My Father's Success in Raising Three
Released in 2004, John Mayer’s song Daughters struck a chord in the hearts of people across the globe. The lyrics are an admonition for fathers to nurture their daughters in childhood to prepare them as they follow a path into womanhood and become the divine feminine representing mothers and lovers.
“Fathers be good to your daughters. Daughters will love like you do. Girls become lovers who turn into mothers. So mothers, be good to your daughters too.”
My father was tasked with raising three daughters. I’m sure my sisters would agree that he did an exceptional job. With his spirit of adventure, we entered into adulthood with an abundance of fun childhood memories; being pulled behind a motor boat on the lake in a wooden toboggan, riding in the back of the pick up truck to the garbage dump to watch the black bears rummage for food, taking us into the bush to go hunting for everything from partridge to moose and eating beans right out of the can.
My father taught us how to shoot a rifle, drive a stick shift, change a tire, and instilled in us the confidence and knowledge that as women, we could do whatever we set our minds to. We also received lessons in more menial tasks. About once a month my father would gather all three of us into the bathroom and speak very slowly as he demonstrated how to put the cap back on the toothpaste, how to turn off the light switch, and how to unplug our curling irons as to not burn down the house that was made entirely of cedar and pine.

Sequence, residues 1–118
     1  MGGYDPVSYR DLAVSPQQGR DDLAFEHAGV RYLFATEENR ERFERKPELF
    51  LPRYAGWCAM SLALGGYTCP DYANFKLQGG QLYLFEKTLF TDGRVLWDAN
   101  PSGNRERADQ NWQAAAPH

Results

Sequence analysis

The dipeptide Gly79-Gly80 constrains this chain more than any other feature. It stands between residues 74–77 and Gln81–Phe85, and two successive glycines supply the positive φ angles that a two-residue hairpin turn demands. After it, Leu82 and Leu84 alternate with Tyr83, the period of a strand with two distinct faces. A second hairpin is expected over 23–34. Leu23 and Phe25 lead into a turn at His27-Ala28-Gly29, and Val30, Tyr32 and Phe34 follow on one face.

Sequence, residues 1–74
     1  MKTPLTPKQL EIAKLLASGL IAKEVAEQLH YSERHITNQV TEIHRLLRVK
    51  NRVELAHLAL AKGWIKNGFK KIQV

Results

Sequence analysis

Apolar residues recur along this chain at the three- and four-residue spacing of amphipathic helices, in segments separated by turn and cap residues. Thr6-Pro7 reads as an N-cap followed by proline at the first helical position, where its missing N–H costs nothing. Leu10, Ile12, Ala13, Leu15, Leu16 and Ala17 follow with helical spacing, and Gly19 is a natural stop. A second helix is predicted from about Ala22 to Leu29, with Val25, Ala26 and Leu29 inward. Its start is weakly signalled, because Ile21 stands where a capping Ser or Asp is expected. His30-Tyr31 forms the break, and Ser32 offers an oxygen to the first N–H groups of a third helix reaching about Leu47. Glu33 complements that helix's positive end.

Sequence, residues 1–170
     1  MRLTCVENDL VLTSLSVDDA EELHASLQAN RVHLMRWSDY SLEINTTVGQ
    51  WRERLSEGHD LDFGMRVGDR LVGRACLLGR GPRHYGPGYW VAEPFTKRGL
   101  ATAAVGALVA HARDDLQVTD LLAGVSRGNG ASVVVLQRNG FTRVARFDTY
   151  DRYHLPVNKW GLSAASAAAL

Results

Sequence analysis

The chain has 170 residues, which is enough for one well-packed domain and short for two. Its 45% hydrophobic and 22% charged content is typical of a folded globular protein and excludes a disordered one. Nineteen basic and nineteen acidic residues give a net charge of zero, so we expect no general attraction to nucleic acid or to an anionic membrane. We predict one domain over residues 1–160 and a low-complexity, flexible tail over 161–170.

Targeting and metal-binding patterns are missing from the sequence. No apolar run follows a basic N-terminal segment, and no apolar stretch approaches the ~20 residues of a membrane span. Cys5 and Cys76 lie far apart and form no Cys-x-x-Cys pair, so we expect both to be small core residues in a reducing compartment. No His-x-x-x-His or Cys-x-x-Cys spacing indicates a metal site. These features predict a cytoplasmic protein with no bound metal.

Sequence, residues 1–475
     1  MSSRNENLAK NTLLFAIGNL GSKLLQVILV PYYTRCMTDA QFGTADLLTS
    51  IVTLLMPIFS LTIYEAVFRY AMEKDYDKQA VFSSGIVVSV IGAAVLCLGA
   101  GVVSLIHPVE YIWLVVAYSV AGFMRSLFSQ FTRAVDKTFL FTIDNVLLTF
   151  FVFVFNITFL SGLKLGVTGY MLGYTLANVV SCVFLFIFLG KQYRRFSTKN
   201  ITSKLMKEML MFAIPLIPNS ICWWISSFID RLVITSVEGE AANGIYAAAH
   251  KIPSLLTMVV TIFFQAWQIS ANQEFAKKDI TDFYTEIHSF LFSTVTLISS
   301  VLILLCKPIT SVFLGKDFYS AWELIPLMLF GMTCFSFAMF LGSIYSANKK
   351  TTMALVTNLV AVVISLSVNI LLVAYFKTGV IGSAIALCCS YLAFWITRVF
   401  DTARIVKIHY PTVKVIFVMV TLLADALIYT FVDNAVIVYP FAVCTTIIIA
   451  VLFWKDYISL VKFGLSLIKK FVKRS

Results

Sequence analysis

We learned lessons on how not to waste expensive resources. If we indulged too long in a hot shower the water could be turned off at any moment, leaving one of us teenager girls screaming in frustration. When the dryer eventually broke down it never got fixed. It had been previously abused to dry a single pair of socks one too many times.
After a long work week my father would rise early on the weekends to take us to our ringette games. My dad built a corral and a barn with his own two hands and gave us horses, Gay and Ziggy. We learned how to ride, take care of the horses and the dreaded task of cleaning the stalls. My sisters and I woke up before dawn each morning to feed the horses. Growing up in Northern Ontario, I mostly remember the -40 degree mornings of trudging through the snow in our nighties and rubber boots, carrying buckets of water out to the horses. On more than one occasion my sisters and I witnessed the beauty of the northern lights in the pure darkness of the brisk dawn.
As we got older my father’s intolerance of the teenage boys that came skulking around increased, saying out loud, “I was once a teenage boy. I know what’s going through their mind. I don’t want them on this property.” As a rifle owner, my dad did not mess around with his direct warnings to the hormone-frenzied boys either. It was pretty effective.
I can only scratch the surface of my father’s success at nurturing his daughters. I recognize I am extremely blessed to have been his daughter, which is why I want to leave each and every one of you with this simple truth;
Regardless if you have your own children or not, the opportunity to cultivate and create memories for children is a gift and a privilege that every single one of us can participate in as adults. We can nurture our boys into responsible noble men. We can nurture our girls into confident self-assured women.
This is my goal on how I want to contribute to humanity.